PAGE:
Introduction and Aim: Sepsis is the primary cause of morbidity and mortality in an intensive care unit (ICU). Early laboratory diagnosis of bacteraemia in sepsis and antibiotic treatment of the infection decreases morbidity and mortality. For the early prediction of bacteraemia in adult sepsis, we tried to evaluate biomarkers like procalcitonin (PCT) and C-reactive protein (CRP). Materials and Methods: This is a prospective observational study, in which 152 samples of clinically suspected sepsis patients were included following a convenience sampling technique. The automated BacTAlert system was used for blood culture. Antibiotic susceptibility of the bacterial isolates, serum procalcitonin, CRP and WBC counts were studied. Results: Among the 152 blood cultures, twenty-two samples showed bacterial growth, raised procalcitonin level. Only ten blood culture-positive patients were CRP positive, and 17 blood culture-positive patients had increased leucocyte counts. When compared with blood culture, sensitivity, specificity, positive predictive value, and negative predictive value of PCT was 100%, 12.31%, 16.18% and 100% respectively. Conclusion: A significant concurrence (p< 0.05), was seen between the elevated serum procalcitonin level and blood culture positive sepsis. Procalcitonin was found to be the better predictor of sepsis when compared to WBC count and CRP (p< 0.05). Elevated procalcitonin level was useful in predicting bloodstream infection and low levels in ruling out an infection.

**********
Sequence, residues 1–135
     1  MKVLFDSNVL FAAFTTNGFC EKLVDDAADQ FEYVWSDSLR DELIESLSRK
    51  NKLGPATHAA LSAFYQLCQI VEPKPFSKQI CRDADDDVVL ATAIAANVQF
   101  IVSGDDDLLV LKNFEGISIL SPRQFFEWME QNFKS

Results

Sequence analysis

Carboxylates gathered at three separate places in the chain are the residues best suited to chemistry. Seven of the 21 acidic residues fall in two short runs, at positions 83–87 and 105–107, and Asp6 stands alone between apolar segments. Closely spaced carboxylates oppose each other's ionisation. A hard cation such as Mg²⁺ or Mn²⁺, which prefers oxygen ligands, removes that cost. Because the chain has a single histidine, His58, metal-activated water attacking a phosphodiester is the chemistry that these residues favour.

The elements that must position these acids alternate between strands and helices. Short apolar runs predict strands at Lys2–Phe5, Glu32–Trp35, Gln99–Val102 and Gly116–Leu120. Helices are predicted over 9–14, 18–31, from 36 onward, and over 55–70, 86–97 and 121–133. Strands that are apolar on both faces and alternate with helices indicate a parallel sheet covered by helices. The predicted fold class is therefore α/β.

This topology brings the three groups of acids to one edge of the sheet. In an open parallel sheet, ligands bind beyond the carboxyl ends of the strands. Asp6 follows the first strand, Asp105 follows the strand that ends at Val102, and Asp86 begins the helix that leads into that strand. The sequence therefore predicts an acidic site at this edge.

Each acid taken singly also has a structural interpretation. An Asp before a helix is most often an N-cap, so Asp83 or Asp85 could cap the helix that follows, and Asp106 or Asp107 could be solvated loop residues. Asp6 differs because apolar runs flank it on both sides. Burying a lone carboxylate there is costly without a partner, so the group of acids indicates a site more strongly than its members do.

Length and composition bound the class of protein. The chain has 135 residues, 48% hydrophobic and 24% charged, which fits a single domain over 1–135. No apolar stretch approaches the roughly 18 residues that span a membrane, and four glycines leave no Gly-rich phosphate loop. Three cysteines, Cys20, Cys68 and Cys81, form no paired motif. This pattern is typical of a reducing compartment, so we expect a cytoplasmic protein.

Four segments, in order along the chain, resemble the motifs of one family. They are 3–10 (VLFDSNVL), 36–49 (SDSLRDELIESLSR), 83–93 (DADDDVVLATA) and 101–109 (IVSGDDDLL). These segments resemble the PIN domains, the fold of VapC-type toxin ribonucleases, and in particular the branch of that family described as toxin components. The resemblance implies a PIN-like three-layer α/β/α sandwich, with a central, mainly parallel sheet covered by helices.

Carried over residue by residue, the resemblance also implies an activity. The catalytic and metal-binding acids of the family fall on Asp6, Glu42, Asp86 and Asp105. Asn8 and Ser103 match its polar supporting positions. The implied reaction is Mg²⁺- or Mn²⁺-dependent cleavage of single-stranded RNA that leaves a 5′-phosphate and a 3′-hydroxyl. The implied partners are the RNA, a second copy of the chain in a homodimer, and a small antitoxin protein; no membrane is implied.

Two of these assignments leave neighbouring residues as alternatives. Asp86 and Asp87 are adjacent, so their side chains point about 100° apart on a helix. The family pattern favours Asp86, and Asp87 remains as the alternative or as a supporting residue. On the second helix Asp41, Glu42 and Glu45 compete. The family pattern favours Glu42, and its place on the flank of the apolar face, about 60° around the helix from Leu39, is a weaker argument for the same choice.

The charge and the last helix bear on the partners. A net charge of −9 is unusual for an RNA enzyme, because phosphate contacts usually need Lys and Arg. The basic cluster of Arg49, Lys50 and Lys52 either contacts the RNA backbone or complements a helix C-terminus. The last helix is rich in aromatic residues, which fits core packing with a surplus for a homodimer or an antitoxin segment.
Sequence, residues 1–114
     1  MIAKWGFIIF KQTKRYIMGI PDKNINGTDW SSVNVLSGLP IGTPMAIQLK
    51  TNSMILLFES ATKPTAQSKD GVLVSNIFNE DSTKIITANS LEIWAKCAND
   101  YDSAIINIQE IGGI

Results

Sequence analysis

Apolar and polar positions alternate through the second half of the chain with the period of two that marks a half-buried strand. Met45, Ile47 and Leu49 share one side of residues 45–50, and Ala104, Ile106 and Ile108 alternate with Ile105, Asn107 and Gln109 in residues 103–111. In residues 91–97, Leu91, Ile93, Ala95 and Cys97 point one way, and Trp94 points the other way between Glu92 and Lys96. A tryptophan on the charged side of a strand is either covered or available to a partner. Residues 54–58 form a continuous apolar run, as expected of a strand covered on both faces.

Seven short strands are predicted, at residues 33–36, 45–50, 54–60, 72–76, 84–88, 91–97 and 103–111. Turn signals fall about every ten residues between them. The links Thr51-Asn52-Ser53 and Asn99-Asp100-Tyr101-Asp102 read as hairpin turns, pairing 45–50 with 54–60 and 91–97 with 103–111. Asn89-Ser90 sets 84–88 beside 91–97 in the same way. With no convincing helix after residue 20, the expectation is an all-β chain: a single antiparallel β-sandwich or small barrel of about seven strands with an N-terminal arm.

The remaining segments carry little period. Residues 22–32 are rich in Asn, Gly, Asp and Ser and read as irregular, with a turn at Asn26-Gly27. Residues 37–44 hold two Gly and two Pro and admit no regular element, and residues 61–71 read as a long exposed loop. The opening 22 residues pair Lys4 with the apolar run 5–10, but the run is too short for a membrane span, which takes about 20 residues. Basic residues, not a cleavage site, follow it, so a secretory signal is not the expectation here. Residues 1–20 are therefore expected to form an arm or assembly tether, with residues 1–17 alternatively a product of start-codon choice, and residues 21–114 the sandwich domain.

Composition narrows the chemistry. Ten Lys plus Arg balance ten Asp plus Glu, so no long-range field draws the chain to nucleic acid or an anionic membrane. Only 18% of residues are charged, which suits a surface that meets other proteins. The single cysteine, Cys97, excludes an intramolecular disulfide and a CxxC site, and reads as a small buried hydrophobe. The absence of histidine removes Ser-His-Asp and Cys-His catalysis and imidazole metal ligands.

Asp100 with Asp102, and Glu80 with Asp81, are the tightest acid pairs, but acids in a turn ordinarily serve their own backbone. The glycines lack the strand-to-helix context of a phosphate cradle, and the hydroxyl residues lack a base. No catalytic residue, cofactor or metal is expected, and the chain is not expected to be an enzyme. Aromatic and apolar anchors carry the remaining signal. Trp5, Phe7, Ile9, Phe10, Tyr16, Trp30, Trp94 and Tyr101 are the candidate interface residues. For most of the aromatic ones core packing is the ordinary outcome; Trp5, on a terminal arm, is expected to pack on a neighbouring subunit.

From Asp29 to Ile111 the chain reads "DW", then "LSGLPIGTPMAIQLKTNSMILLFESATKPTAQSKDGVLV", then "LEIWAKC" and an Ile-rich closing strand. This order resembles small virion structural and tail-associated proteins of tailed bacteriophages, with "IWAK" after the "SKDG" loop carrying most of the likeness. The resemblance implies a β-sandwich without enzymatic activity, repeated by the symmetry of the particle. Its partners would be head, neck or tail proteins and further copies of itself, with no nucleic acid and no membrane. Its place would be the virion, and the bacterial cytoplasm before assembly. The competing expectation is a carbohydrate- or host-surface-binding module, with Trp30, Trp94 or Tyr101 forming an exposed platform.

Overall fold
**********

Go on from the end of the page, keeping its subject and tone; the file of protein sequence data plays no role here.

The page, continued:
All Science Journal Classification (ASJC) codes
- Biochemistry, Genetics and Molecular Biology(all)